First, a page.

We found a dang nice buck Sunday morning. We looped around to make a play and worked to within shooting range. We had to guess a little on the yardage. Anyone who's hunted the country has probably ran into the situation, a rolling hill where they see you the second you seen them and its nothing but sage and horizon. Getting a yardage is very tough. I think we had over estimated the distance. and the shooting was gonna happen off sticks and kneeling, a tough shot at 450yards. We barely missed him on that set up, just high. We couldn't turn him up the rest of the day. the next morning we glassed and glassed and turned up a lot of goats but couldn't find him. We knew he was still in there somewhere. Determined to turn him up, I started griding the whole hillside one scope ring at a time and finally found him bedded. I was so pumped to be able to turn him up for my friend, who was quietly beating himself up over the miss. Off we went, looping all the way around and gogin to drop right on top of him from the backside of the hill this time. It surely was gonna lead to a situation that could get western quickly. We made the trek around and climbed the elevation. His Dad's friend stayed on the glass keeping an eye peeled and letting us know where to peak over. We dropped right on him, I think he had winded us, as he started working away at more than a feeding pace but not a run or jog, just a purposeful walk. He turned and started working up the hill which was gonna give us an opportunity. We ended up getting a bit of an awkward shot squeezed off at 125-175 yards and missed. then missed two more running shots. He was gone. My friend was kicking himself pretty good and starting to get a little down and frustrated. We went out that next morning but couldn't turn him up. His Dad's friend had to leave at that point due to work obligations. After lunch and helping him break camp we went out that night and didn't turn up a single goat. The next day we hit one area we hadn't really hunted yet to allow the sun to get right for going back to where the target buck had been. We looked over 25 goats with only one buck. Once the sun was fully up we went back to the area we had been and started picking them out right away. They were all on their feat and feeding. Three goats dropped into an ravine where there was water, I knew this was a golden chance to get one in a position where he could shoot with a good solid base, and not a long shot. He worked into position and got there just as they were moving out the other side. A good goat, I'd guess mid 70's and possibly better was at 350. The gun goes off, I see dust and he doesn't look hit. Off he goes and it's clear he is not hit. The weight of punching one last tag for his Father and probably questioning his abilities behind the gun were all weighing on him at this point. I watched as my buddy sat in the middle of wide open hillside head in hand as the goat ran up and over the horizon. I didn't have words to comfort him and he wouldn't of wanted them anyways. I left him with his thoughts and did the only thing I could think to do, and that was try to find him another buck. Not knowing what his response was going to be I gave him time as I waited for the silence to break. After what felt like an eternity the radio's broke the whistling sound of the desert wind. He asked if there was anything else on the hillside, we need another buck. I responded with what I hoped would be encouragement and said give me a minute Ill find one. We found another buck on the same hillside and in a postion he could make a stalk. He worked that way and once he got close crawled from sage to sage to get in position. The buck, unlike the others, made a mistake. He drifted to the very back of the herd, the direction my buddy was working in from. He stood in an open spot and didn't move for what felt like an eternity. I could tell my friend getting ready to shoot. I crossed my fingers and held my breath waiting for the shot. In the spotter I saw the antelope lose his back end, then heard the report of the gun three to four seconds after. He was hit hard but was still alive. He got to his feet and was facing away. I waited for the hind legs to wobble and him to tip over. I radio'd to let him know he was hit hard and not going anywhere, that we had time. The buck then turned down hill stumbled and fell, but his head was up. I could tell he was laying behind a sage that woudln't allow my friend to see him. His head started to droop, then all the sudden he stood up. I was watching through the scope as the buck flopped over, then 3-4 seconds later, again and for the last time on that hunt heard the report of a rifle shot. It felt symbolic, like it had closed the book on more than just that hunt. It was the end of one chapter and a beginning of a new in my friends life. I was honored to have gotten to be apart of it, and would be lying if I said there wasn't a bit of mist in my eyes. I wiped that and three days of desert dust and dirt from my eyes as I worked my way towards my friend. We both really wish his Dad's friend could have been there for the harvest, I could tell that hunt meant a lot to him as well. That's the only thing that would have been better. Listening to him tell stories of them sharing camps and hunts was great. All of them laced with humor and that gave you visions of my friends Dad. The hunt wouldn't have been the same with out those stories and him being there. I don't know I've ever been on a hunt that felt quite like this one.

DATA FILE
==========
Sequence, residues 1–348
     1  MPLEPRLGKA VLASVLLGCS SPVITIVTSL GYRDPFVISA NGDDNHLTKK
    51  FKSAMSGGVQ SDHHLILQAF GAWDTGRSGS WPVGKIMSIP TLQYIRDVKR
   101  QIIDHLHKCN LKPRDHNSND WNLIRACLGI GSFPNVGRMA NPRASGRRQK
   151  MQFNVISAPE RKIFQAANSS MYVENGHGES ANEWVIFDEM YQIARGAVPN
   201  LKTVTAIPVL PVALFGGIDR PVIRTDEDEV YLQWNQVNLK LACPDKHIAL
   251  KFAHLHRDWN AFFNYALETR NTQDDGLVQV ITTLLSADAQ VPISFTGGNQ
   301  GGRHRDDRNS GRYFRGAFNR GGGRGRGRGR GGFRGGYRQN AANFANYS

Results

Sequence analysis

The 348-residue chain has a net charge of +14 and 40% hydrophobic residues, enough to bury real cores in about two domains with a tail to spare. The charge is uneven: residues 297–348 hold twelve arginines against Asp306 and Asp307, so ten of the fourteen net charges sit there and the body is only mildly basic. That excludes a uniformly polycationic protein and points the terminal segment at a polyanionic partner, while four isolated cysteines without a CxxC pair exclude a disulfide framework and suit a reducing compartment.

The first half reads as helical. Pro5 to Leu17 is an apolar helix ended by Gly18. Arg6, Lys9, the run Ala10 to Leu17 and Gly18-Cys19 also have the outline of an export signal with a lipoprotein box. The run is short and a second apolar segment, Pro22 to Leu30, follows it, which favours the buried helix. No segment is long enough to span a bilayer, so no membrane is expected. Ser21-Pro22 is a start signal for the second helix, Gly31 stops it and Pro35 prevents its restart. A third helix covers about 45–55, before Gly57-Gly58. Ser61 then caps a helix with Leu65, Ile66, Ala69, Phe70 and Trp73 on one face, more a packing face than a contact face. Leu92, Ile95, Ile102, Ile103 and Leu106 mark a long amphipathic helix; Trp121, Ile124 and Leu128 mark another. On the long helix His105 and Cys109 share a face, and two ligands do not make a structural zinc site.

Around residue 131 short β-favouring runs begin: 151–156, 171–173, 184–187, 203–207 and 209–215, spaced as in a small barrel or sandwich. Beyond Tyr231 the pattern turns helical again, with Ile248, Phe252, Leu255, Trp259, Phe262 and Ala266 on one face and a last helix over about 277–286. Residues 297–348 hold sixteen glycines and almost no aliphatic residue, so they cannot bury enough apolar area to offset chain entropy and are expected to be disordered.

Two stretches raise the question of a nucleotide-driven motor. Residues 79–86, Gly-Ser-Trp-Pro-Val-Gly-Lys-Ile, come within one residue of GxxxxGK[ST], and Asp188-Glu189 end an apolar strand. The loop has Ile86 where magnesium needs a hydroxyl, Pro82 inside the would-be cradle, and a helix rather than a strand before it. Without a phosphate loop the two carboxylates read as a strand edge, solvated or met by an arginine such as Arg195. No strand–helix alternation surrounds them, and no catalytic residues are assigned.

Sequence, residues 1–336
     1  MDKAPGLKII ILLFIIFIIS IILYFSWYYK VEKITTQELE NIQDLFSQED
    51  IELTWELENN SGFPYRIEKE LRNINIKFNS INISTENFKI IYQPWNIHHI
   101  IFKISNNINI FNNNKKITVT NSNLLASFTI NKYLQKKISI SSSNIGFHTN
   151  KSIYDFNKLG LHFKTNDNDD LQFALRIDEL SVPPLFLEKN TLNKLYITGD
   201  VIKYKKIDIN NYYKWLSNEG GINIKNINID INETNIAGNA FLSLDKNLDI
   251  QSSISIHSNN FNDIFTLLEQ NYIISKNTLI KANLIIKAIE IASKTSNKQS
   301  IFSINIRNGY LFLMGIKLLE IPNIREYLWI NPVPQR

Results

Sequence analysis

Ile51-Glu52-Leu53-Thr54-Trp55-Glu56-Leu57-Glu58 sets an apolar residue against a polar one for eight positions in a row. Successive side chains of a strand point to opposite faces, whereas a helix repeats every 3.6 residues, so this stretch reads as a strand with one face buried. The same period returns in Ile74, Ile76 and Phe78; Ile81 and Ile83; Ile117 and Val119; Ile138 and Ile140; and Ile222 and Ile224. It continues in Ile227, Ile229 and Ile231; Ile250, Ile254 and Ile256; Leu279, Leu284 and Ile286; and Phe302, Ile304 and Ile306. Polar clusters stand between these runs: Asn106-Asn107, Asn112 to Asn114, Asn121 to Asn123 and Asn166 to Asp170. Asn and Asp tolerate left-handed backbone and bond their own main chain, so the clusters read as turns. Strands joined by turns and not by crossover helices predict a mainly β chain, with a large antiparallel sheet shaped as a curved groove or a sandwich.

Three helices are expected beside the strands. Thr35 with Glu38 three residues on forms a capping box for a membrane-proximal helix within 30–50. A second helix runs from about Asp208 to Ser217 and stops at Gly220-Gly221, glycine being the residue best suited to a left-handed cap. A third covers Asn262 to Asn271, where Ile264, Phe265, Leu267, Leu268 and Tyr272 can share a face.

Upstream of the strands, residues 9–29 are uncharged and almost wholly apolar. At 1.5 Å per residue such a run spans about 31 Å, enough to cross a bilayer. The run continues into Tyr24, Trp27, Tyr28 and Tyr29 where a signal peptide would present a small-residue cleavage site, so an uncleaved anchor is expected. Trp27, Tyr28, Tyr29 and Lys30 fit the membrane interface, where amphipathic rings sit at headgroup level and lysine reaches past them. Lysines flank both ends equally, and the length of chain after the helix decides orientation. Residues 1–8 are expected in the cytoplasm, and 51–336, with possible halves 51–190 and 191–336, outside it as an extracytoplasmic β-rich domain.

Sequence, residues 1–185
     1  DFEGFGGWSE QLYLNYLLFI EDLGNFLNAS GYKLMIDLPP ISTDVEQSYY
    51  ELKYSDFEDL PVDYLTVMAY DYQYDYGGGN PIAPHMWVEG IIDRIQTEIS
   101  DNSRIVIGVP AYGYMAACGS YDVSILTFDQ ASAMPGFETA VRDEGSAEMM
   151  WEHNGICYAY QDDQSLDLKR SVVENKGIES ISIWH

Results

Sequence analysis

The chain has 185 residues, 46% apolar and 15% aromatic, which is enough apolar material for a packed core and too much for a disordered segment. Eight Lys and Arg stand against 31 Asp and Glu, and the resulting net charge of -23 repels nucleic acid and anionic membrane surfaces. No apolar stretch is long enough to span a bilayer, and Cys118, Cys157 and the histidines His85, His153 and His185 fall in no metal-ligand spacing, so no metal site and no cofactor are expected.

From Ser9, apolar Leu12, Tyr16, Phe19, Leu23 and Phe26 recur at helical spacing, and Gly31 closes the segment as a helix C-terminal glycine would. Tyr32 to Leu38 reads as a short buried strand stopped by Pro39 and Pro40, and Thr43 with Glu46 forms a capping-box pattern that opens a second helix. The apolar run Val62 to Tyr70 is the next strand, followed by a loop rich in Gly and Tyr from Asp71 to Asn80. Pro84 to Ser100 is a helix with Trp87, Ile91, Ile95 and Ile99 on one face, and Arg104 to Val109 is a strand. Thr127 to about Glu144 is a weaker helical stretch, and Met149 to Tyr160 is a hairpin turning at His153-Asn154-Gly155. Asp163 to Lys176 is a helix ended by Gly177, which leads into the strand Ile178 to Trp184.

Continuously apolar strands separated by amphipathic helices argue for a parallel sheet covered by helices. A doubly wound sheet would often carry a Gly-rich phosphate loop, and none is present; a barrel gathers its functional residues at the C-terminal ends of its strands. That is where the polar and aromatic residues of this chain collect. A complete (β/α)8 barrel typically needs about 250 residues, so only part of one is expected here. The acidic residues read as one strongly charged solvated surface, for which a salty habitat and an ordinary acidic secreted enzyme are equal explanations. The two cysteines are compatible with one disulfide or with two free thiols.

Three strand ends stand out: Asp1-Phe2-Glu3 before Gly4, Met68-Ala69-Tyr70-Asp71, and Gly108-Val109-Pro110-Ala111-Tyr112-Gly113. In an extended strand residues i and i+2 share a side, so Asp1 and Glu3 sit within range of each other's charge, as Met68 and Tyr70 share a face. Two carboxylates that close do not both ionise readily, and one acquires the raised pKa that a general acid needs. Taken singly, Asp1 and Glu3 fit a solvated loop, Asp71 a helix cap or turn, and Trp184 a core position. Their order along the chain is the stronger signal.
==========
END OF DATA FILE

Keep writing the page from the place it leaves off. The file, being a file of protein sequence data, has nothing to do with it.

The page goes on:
Sorry for the long write up. Once I started typing it just kept going